“Our philosophy is to take a ring-side seat,” Seth says, referring to the numerous use cases of blockchain.

“Payments are just a small piece of blockchain. The larger piece is around assets and information sharing and how that is done in a trusted manner. We foresee that when assets get converted into blockchain, a payment mechanism will be needed to make sure that everything works efficiently. If you ask me now, is there a massive application of blockchain for Singa­pore peer-to-peer payments? The answer is no, because the current system is so efficient. But, in cross-border payments, there could be potential for blockchain.”

Blockchain has been mentioned as a technology that can assist in trade financing, because it would reduce issues of fraud. Then again, Seth says the adoption of blockchain in trade finance requires scale and that many participants work on the same platform. “The adoption of blockchain in trade finance is still some years away because some of the processes in banking would need to be changed. But OCBC is ready because we are keeping pace with the development of the network. We are working with partners and experimenting with the technology.”

The bank’s “technology stack” has been modernising, Seth says. It has created micro services, which enable layering on top of the core banking system. “You can break down services into very small parts and reuse them again and again,” Seth says. It is like creating internal an application programming interface (API) so that, next time, when the bank has to develop something new for the app, there is no need to go to the back-end to change the technology.

“Everything happens in the middle layer and this is a very important technology piece called micro services, which we’ve invested heavily in,” Seth adds. The integration with partners is done using the bank’s APIs. OCBC OneAdviser Home, a property portal, is an example of partnerships using the bank’s APIs.

Further disruption

Seth identifies three main disruptors in the future. The first, of course, are the new banking licences — two digital full licences and three digital wholesale licences — to be awarded in mid-2020. The second is the payment network and the third, open banking.

In September last year, the Monetary Authority of Singapore announced that fintechs and other non-bank financial institutions would be granted access to the FAST network for real-time payments. This was a major step towards making the local payments system open, accessible and competitive, MAS had said. Although the likes of Grab have muscled in on e-wallets and other transactions, the local banks have held their own. For instance, OCBC’s deposits were up 4.5% y-o-y as at Sept 30 to $300 billion, and its loans for the year are up 2% y-o-y to $263 billion.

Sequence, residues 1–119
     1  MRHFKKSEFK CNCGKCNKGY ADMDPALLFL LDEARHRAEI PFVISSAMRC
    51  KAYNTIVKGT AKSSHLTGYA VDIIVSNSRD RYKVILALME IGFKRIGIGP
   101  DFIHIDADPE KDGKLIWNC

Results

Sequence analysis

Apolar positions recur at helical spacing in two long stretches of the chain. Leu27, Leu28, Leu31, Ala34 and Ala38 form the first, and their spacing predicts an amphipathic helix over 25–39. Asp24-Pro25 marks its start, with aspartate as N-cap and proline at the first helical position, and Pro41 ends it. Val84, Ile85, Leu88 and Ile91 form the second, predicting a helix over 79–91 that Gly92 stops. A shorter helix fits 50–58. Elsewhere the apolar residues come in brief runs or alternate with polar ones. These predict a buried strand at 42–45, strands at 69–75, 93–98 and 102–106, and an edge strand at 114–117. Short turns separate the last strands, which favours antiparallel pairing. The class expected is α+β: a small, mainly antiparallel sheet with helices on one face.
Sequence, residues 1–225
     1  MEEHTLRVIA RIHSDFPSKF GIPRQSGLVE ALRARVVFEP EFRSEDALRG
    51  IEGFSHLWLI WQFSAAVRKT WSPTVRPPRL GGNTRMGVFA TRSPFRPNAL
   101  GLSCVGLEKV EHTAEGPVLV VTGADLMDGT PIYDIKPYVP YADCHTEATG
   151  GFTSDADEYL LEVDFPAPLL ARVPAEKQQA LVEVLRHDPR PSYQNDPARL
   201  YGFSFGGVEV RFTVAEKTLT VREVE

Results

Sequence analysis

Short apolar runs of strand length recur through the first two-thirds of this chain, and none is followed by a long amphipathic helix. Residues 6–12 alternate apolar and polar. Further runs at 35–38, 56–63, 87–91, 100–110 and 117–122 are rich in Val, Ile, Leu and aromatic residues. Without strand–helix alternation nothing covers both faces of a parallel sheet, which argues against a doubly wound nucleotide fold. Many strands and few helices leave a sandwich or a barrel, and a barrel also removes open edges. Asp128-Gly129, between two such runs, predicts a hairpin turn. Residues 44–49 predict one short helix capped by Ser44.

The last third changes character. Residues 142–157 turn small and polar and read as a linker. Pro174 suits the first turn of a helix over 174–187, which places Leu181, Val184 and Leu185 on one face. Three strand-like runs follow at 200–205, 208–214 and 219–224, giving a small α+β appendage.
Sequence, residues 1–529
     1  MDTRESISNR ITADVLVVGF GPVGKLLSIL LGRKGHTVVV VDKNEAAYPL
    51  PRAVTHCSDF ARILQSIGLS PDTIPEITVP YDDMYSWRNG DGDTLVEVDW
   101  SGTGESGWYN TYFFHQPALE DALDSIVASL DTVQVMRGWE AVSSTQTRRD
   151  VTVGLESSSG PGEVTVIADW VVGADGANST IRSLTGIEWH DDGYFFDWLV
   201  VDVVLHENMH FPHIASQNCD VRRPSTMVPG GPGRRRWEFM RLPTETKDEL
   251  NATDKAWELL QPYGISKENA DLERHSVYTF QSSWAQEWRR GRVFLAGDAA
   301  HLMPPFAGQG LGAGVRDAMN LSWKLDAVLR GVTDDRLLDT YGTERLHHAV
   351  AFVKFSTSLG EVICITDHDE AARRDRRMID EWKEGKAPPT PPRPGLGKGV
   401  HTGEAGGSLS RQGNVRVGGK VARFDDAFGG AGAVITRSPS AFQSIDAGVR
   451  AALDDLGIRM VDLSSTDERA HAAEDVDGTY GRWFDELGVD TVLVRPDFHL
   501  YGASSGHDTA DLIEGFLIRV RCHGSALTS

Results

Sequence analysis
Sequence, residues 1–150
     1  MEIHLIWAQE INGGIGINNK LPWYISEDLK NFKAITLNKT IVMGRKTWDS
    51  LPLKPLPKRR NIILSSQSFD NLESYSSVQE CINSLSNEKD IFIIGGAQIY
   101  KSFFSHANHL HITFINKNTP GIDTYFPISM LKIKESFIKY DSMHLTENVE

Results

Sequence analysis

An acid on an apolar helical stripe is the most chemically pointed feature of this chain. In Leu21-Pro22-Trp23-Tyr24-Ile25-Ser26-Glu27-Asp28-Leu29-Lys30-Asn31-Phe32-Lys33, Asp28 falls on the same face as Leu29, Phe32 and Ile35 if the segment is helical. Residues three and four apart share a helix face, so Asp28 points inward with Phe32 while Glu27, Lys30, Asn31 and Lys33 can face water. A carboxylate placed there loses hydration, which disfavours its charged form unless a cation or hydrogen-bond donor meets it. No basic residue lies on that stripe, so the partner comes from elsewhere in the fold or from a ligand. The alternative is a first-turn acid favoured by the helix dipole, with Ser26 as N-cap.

Next year, open banking comes into force. Here, the customer is allowed to decide whether he or she wants to share information from one financial institution to another. “If I bank with OCBC, and I want to share this with Bank X, I can give the consent to share my information from OCBC to Bank X,” Seth says. “It opens up a host of opportunities, and threats. When I’m talking about all these financial and lifestyle insights, I know Singaporeans are multi-banked. If I get information from all the banks, the amount of richness of insights I can deliver to you is incredible.

“The downside of this is that if you are not providing cutting-edge services and others are, customers are more likely to switch banks. Open banking just pushes us to be at the top of our game.”

Seth declines to comment on the Bloomberg news report that OCBC is partnering Keppel Corp and Validus Holdings to apply for one of the new digital banking licences, but acknowledges that the local banking sector is “hyper competitive”.

In countries such as the UK, virtual banks have taken decent market share using “price play” and caused friction within the banking system. That is, the challenger banks offer cheap loans and higher interest rates for deposits. Some observers say the challenger banks offer ease of transactions.

“If you look at our interfaces and the journeys that we are creating, the nucleus of the design, we are world-class. We are battle-ready for any challengers from Day 1,” Seth says.

OCBC’s digital transformation bears fruit

1.            OCBC Pay Anyone payments app allows customers to send money to anyone and make NETS QR purchases for a daily limit of $1,000:

•             Number of users grew 80% y-o-y in October; and

•             2½ times increase in transactions since 2018.

2.            Instant account application/opening (since integration with MyInfo):

•             One-in-three OCBC 360 accounts now acquired digitally;

•             One-in-four of all OCBC accounts now acquired digitally; and

•             Credit cards acquired digitally increased 3½ times.

3.            Seventy-five per cent of digitally active customers bank on mobile (“digitally active” refers to customers who have used a digital channel in the last three months).

4.            Close to 70% of financial transactions are done on the mobile phone (financial transactions involve movement of money, not just service requests).

5.            Emma, OCBC’s home and renovation loans chatbot, received close to 200,000 queries and disbursed $230 million in loans since April 2017.